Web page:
CSWS Research Matters, Winter 2012 (Winter_12_CSWS_RM)
In-depth interviews reveal a broad range of violence against girls—with far-reaching and enduring effects
By Krista M. Chronister, Associate Professor, University of Oregon College of Education, Counseling Psychology Program
At 85 percent, women make up the overwhelming majority of reported partner violence victims in the United States, and partner violence is the most common form of violence against women around the world (1.2). Although all communities experience partner violence, there are significant disparities in partner violence rates and individuals’ access to services in marginalized communities (3,4). To date, girls, ages 16–24 years, are most at risk for experiencing dating violence (5). Studies conducted with youth from diverse identity, socioeconomic, and geographic communities suggest dating abuse rates range from 25 percent to 50 percent (6). (more…)
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by Theya McCown, Coordinator
Lane County Domestic Violence Council
We have come a long way since the emergence of the Battered Women’s movement in the late 1960s and early 1970s. Grassroots organizing efforts that opened the first shelter doors and operated the first crisis response lines inside the homes of survivors themselves paved the way for dramatic improvements in systems response. The 1995 Violence Against Women Act gave birth to the U.S. Department of Justice’s Office on Violence Against Women, which has since awarded nearly $4 billion in grants to programs that work toward ending domestic violence.
Thirty years ago, law enforcement response to domestic violence was virtually non-existent. Domestic violence was considered a family matter, and police officers were reluctant to respond. On the rare occasion law enforcement may have been compelled to intervene, laws to support such intervention simply did not exist. In the past three decades, nearly half the states in the Union adopted domestic violence mandatory arrest laws. Oregon was the first to act, doing so in 1977.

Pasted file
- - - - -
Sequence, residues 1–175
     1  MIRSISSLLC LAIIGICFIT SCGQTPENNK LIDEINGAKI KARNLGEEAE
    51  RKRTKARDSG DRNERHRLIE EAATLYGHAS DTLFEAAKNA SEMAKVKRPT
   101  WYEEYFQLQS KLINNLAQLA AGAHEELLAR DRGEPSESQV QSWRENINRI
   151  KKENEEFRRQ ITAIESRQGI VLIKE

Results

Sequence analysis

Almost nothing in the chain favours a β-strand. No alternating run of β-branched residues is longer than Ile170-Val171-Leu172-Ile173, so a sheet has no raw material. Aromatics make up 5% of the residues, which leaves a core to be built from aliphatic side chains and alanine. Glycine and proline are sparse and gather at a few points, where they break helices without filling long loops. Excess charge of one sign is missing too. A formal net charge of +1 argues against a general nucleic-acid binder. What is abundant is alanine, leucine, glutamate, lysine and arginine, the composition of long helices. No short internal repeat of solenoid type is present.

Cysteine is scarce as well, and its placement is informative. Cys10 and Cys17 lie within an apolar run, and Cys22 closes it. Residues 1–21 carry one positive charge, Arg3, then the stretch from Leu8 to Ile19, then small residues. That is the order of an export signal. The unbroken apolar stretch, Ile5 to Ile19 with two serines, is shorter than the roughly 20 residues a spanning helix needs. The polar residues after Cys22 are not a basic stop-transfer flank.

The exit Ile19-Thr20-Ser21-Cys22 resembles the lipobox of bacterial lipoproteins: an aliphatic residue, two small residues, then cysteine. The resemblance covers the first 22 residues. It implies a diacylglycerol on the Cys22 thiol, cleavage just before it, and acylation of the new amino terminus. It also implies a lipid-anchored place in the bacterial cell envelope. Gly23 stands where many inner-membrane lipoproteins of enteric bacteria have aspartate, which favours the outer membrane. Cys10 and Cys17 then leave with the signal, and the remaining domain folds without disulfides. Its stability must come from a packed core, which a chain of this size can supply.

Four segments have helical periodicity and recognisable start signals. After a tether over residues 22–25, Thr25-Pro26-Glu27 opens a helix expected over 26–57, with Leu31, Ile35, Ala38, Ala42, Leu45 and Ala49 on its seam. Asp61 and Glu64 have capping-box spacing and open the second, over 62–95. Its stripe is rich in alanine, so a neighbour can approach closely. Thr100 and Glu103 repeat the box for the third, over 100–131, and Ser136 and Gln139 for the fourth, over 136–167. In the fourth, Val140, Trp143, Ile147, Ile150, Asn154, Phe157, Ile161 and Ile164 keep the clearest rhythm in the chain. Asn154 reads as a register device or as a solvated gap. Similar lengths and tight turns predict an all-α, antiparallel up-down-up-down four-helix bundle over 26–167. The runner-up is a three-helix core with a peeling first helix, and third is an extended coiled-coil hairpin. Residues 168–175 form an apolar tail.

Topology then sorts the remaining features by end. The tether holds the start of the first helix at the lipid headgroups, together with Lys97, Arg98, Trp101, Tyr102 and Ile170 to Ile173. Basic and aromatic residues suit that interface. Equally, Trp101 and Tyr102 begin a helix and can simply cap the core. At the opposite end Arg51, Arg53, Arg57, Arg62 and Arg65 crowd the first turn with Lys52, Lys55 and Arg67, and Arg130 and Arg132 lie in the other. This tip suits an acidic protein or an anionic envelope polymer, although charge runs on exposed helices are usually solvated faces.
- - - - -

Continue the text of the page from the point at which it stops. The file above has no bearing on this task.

Regardless of legal and policy improvements, domestic violence remains among the most chronically underreported crimes in the United States. According to the Oregon Attorney General’s office, there were 55 domestic violence related homicides in Oregon last year. As other crime decreased, domestic violence experienced a dramatic spike. While this news is devastating, there may be redemption in the question it begs of us. What have we been missing? Why—after over 30 years of advocacy, lobbying, and more recently, collaboration between activists and officials—are more women dying at the hands of their intimate partners? (more…)
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